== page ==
This year’s American Political Science Association (APSA) Annual Meeting takes place September 3-6 in San Francisco, where over 6,000 of the world’s foremost academic political scientists will gather for four days of lectures, sessions, networking, and scholarly discussion. This year’s theme, “Diversities Reconsidered”, promises to ignite intellectual discussion among all participants while still staying grounded in the current state of the nation’s political climate.
Unlike fine wine, bad ideas don’t improve with age. One such idea is the Invest in Transportation Act, co-sponsored by Sens. Barbara Boxer (D-CA) and Rand Paul (R-KY), which would institute a temporary tax cut on profits brought back to the United States by American firms from their overseas operations and use the proceeds to fund investment in transportation infrastructure.
Bill Kristol, whose major political contribution to American public life is the national career of Sarah Palin, has another bright idea to free the Republican Party from the looming prospect of a Donald Trump presidential candidacy. The GOP, he writes, should turn to a dark horse from an unlikely source. After naming several long-shot contenders such as Mitch Daniels and Paul Ryan, Kristol essays the presidential equivalent of a two-handed shot from half court. Why not, he inquires, Justice Samuel Alito from the Supreme Court?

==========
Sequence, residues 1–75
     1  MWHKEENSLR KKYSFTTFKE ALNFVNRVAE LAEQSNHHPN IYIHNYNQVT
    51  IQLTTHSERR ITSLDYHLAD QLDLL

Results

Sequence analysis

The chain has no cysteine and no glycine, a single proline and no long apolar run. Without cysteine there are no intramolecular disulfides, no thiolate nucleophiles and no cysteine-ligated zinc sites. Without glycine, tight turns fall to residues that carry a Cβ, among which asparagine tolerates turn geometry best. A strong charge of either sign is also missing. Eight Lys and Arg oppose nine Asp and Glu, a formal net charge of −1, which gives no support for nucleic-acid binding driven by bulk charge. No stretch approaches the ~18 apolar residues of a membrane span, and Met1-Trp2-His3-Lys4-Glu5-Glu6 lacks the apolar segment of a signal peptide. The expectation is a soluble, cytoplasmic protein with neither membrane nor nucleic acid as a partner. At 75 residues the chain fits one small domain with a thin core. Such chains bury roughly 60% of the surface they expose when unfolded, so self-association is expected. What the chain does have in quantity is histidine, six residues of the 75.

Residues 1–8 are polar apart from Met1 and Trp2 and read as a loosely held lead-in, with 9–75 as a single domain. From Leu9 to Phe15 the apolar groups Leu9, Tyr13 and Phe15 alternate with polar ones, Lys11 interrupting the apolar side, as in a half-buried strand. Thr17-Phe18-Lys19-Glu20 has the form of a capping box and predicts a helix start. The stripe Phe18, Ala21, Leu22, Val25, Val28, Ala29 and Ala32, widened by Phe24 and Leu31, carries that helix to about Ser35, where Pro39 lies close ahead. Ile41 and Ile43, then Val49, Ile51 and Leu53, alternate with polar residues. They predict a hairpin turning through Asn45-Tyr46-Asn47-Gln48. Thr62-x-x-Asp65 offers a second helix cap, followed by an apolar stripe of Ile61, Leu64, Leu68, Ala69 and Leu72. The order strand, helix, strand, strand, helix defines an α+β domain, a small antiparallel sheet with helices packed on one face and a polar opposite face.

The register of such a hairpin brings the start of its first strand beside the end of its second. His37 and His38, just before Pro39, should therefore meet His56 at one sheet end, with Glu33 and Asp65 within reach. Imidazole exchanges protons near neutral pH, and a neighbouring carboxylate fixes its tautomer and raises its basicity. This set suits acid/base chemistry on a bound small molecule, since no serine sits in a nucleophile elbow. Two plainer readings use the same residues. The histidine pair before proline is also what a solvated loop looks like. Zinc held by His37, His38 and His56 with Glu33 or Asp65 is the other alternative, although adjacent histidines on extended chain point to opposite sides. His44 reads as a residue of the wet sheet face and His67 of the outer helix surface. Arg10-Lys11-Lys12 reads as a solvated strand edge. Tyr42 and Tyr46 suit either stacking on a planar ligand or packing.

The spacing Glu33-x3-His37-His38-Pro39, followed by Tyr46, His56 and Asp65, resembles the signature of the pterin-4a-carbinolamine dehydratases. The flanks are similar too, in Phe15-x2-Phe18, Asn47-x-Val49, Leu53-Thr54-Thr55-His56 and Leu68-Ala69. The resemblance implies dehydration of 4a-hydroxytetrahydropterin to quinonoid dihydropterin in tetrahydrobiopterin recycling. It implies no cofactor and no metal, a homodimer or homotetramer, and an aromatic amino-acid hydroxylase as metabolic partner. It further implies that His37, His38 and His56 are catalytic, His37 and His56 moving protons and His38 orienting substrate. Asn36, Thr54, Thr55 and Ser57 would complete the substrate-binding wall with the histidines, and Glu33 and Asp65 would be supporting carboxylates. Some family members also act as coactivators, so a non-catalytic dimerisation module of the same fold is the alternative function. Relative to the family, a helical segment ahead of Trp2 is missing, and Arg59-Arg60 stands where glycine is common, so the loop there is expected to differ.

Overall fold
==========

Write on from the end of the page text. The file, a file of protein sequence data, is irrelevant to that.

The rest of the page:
Sexual exploitation and abuse (SEA) by UN peacekeepers is not fresh news. It has been going on for years. It first hit the headlines over ten years ago, and the scandal drove the UN to take action. Yet recent allegations over SEA by French peacekeepers in 2014 have brought the issue to the forefront again, and have motivated the UN Secretary-General to escalate the UN’s response to SEA in its peacekeeping operations.
Moral dilemmas are ubiquitous in modern democratic societies. Can we protect the bodily integrity of women and their unborn children at the same time? How can we protect the free will of adults while at the same time denying them to engage in self-harming activities, like (assisted) suicide or drug use?
We asked Michael Dear to describe his day-to-day experiences of borderland communities. Most of my travel time is devoted to listening to people, observing, and trusting to serendipity. People on both sides of the border are generally helpful and friendly. Once I got lost in fog on my way to the mouth of the Rio Grande at the Gulf of Mexico, and pair of Mexican cops offered me a ride along the beach in their truck. And they came back later to pick me up!
The ‘Africa Rising’ narrative means different things to different people. Yes, Africa has performed better in the last decade. But views diverge on the drivers of growth and on its sustainability, and on whether this growth will translate into structural transformation.